Doing the same for Marshosaurus (largest remain is, I believe, a 37.5 cm illium) gives a tip-to-tip length of 4.1 meters.

So I think Paul is probably close to the money with Marshosaurus, but not Megalosaurus.
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:iconjeda45:
Jeda45 Featured By Owner Mar 8, 2014
Wow, Marshosaurus was hardly bigger than a big Deinonychus. Surprisingly tiny for something so stock-"carnosaur"-y. Is this true of Piatnitzkysaurus too?
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:iconscotthartman:
ScottHartman Featured By Owner Mar 9, 2014  Professional Digital Artist
Yeah, Piatnitzkysaurus isn't very large either.
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:iconscotthartman:
ScottHartman Featured By Owner Mar 8, 2014  Professional Digital Artist
Marshosaurus isn't terribly large, but Megalosaurus is something of an enigma - most of the composite material seems to come from a ~7m long theropod, but one of the isolated ilia looks like it could scale up to a 10m long animal to me.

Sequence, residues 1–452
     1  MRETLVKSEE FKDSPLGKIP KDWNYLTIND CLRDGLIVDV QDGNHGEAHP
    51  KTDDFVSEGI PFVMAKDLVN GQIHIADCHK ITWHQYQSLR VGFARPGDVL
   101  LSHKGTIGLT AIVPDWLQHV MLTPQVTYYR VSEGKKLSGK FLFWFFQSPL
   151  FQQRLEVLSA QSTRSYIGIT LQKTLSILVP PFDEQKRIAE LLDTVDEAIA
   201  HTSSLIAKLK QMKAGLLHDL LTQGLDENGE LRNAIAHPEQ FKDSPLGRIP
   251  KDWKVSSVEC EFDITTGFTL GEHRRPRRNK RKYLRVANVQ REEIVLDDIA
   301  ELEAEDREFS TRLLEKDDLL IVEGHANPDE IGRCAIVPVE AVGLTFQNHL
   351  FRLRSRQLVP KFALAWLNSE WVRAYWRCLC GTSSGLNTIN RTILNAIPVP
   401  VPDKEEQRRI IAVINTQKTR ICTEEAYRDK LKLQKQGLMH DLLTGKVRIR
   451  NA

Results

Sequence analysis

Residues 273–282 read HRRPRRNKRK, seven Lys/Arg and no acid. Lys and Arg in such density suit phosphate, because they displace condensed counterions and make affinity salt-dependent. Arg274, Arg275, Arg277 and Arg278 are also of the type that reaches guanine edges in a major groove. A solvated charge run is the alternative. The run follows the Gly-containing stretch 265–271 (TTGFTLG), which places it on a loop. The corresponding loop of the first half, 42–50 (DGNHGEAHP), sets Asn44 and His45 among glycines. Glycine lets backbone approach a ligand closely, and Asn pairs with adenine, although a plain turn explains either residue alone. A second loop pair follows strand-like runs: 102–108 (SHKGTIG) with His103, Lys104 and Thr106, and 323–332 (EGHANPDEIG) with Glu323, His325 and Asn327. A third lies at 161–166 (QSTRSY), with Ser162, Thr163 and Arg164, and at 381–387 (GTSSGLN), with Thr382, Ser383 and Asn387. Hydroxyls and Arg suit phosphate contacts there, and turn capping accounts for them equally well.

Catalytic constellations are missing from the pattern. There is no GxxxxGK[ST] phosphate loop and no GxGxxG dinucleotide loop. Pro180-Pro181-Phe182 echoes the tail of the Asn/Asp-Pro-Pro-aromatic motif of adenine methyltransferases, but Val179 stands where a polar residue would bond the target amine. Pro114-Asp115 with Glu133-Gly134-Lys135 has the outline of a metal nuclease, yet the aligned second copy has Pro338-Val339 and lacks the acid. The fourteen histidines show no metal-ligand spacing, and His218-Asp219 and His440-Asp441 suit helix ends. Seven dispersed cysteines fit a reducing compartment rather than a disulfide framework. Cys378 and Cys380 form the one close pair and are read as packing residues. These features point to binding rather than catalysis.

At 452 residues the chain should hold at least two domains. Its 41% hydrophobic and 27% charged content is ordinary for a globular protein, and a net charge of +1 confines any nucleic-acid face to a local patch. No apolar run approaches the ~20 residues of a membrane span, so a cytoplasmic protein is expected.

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:iconblazze92:
bLAZZE92 Featured By Owner Mar 8, 2014
That femur in Torvosaurus tanneri (Britt (1991) says the femur is unknown) is part of the unpublished specimen you mentioned before right? or is it something you can't say?
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:iconscotthartman:
ScottHartman Featured By Owner Mar 8, 2014  Professional Digital Artist
There is a complete leg with the "Brontoraptor" specimen.
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:iconblazze92:
bLAZZE92 Featured By Owner Aug 26, 2014